Racism, Design and the Built Environment
Traditional design practice perpetuates and supports the dehumanization and killing of Black people. The intersection between racism, design and the built environment is a part of the primary building blocks of this country. For generations, urban planning, policy making, architecture and landscape architecture have been used as tools to further oppress and marginalize Black people. Collectively, the related professions determine what resources are allocated to our communities, how communities are planned and designed, and who, ultimately, benefits from these decisions (which, largely, isn’t Black people).
The physical design of the built environment impacts every aspect of our lives including housing, food, education, employment and health. These all contribute to our social, emotional and economic well-being. Yet, design leadership is largely white, which does not reflect the diversity in our communities. In the US, only 0.4% of licensed architects are Black women. This lack of diversity highlights the historic exclusion of Black people from decision making power in our built environment. This systematic exclusion, and upholding of whiteness, continues to have harmful impacts on Black people.
These impacts include racist housing practices that segregated neighborhoods and limited Black wealth-building opportunities; highways built by eminent domain through Black neighborhoods; the destruction of Black business districts, historic neighborhoods, epicenters, and cultural spaces; the militarization of police, mass incarceration and increased patrolling in Black neighborhoods; inequitable access to public transportation and fresh food in Black communities; polluted neighborhoods and environmental health risks; housing disparities accelerated by disasters; the displacement of Black people from their neighborhoods; and the list goes on.
Generally, these examples are illustrated as isolated acts of circumstance used to negate acknowledgement and responsibility from those that uphold and benefit from notions of white supremacy. However, these impacts all point to the issue of structural racism in this country. And, in the midst of a pandemic and economic uncertainty, history repeats itself to show that these racist and interconnected assaults continuously aim to slash through, kill, and uproot Black people and neighborhoods. In short, traditional design practice was created by and for white people, which produces and reinforces place-based inequities and injustice.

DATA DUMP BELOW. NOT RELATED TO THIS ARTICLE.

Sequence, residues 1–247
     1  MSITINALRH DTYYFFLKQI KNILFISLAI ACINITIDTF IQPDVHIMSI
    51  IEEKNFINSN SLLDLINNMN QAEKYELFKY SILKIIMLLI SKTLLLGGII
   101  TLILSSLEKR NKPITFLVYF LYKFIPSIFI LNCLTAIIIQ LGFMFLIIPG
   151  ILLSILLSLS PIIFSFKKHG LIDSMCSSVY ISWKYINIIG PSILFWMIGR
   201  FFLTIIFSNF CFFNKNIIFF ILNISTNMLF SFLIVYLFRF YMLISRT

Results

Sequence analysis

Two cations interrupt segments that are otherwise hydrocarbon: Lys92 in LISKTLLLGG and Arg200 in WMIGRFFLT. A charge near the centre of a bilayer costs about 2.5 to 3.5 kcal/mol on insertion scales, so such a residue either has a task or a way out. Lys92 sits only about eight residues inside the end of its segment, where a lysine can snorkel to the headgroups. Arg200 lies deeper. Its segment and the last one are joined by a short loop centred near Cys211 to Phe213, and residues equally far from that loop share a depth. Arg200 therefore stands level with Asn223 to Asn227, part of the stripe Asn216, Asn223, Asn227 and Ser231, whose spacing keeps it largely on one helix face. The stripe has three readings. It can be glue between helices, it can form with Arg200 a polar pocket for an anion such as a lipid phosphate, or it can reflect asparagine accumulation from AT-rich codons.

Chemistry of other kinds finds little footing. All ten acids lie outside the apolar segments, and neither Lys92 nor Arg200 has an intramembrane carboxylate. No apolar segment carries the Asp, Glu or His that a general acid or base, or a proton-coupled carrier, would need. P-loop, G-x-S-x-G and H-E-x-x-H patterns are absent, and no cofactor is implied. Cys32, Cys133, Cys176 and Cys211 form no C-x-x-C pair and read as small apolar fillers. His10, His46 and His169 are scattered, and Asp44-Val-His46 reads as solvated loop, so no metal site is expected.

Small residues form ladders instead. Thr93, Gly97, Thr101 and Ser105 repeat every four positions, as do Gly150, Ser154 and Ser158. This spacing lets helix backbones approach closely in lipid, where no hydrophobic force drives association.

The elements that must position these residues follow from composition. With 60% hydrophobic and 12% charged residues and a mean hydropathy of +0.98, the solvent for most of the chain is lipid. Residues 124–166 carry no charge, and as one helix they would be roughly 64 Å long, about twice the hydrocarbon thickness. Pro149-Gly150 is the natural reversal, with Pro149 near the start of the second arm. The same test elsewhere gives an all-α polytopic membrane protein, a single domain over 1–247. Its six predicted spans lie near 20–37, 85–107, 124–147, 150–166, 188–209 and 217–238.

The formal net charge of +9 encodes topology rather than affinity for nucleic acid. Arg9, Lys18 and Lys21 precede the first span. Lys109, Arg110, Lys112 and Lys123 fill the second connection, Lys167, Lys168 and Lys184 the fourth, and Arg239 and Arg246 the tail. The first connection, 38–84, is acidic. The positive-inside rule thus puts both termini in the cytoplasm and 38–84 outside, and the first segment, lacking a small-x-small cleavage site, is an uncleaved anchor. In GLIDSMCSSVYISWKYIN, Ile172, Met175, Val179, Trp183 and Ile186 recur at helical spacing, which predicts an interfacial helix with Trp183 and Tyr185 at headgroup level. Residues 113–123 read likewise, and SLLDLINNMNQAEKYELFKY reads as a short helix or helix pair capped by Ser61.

Architects have a “positive duty to protect the health, safety and welfare” of the public, but recent events highlight the need to evaluate, exactly, which part of the “public” is being referenced. Historically, our “public” has never operated as a unified front encompassing all people. And, traditional design practice solely amplifies this divide. This was the premise of my 2019 keynote address during the New Orleans’ chapter of the American Institute of Architects’ CEUniversity. If we are to radically shift the paradigm of design and design professions, we must acknowledge the historical harm done against Black people, and act NOW.
Now is the time to ask: “How will we transform traditional design practice and the decisions made about our built environment to ensure that Black people’s health, safety and welfare are protected?”
Now is the time to eradicate the toxic social conditioning that restricts Black people’s ability to move freely through spaces and places, which triggers embedded trauma and, at times, the killing of Black bodies.
Now is the time to release Black people from blame for systemic wrongdoing created and upheld in the built environment. A few months ago, there were media reports that alluded that the disproportionate impact of Covid-19 on Black people is due to the inability of Black people to make moral decisions about their health. We shall no longer accept false narratives that blatantly ignore American history. Black people are not to blame for structural racism (or our varied responses to it), nor the impact it continues to have on the livelihoods of Black people.
Now is the time for curriculum reform in collegiate design education; and to intentionally teach kids about design and the opportunities to promote justice and healing in our built environment.
Now is the time to actively balance joy and justice. The image of breathless Black bodies in private and public spaces is forever etched in our minds, and the inherent trauma is a part of our daily lived experience. Simply, this is heavy, and Black labor (emotionally and physically) has always been exploited. Take time to rest and prioritize self-perseverance in the midst of justice. This is also a part of the resistance.
Now is the time to develop strategies and take action, which includes being mindful of our collective economic spending power. Black people spend over 1 trillion dollars on consumer goods. Now is the time to redirect this power into our own communities; and demand that corporations take an active stance on racial justice, and amend the harm they’ve created in Black communities.
Now is the time to hold people and organizations accountable. There is an over saturation of non-profits, professional organizations and design firms that preach hashtag equity. They use Black faces for photo ops and financial marketing stunts, but have been quiet during this time. Their silence is loud and clear. Now is the time to call them out and financially dis-invest from organizations that aren’t active in the fight towards justice.
Now is the time to ask, “How will you ensure that Black people’s health, safety and welfare are protected? And ultimately, what are you willing to sacrifice?”
Now is the time for design to be redesigned.